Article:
Partnering with the U.S. department of defense to stay ahead of the curve
The Covid-19 pandemic has shown that it is critical for all industries – especially defense – to be autonomous and able to rely on domestic producers.
Constellium’s plant in Ravenswood, West Virginia has supplied the U.S. Department of Defense (DoD) with a large portfolio of rolled aluminium products for decades, and continues to do so today.
On November 8, 2021, the Ravenswood plant is cutting the ribbon on its upgraded 144” cold mill, thanks in large part to a grant from the Department of Defense. With this investment, Ravenswood was able to upgrade the 144’’ mill, resulting in significant increases in throughput to meet the DoD’s growing requirements for cold rolled aluminium. This upgrade enables the DoD-Constellium team to develop, prototype, and implement manufacturing processes for a new generation of armored products. Constellium will continue to provide our women and men in uniform the most advanced and highest performing aluminium for their vehicles, ships, aircraft, and equipment.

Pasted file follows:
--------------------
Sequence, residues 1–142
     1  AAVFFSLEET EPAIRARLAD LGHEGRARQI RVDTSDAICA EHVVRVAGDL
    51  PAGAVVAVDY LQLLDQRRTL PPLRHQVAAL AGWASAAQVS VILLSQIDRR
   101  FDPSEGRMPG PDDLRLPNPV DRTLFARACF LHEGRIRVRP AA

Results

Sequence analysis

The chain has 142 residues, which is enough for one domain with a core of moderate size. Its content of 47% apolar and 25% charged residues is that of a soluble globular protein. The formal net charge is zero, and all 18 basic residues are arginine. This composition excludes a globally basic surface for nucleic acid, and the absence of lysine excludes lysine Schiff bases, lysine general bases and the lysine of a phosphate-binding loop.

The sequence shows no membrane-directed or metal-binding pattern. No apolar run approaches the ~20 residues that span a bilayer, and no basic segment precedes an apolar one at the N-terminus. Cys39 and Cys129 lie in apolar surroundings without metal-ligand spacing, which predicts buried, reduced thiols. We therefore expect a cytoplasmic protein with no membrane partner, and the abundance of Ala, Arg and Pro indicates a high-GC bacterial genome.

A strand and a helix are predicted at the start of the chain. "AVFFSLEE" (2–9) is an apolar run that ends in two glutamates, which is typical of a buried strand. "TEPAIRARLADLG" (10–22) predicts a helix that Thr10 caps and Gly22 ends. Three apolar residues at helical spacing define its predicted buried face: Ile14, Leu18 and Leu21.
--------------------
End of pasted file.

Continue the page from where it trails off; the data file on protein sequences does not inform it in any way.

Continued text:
“Without this rebuild, Constellium would not have been able to provide enough material in the event of a surge requirement for multiple alloys, which are critical to our national defense,” said Buddy Stemple.
Blast test on Constellium’s armored plate:
6" thick, bump formed, 7xxx series plate; single piece configuration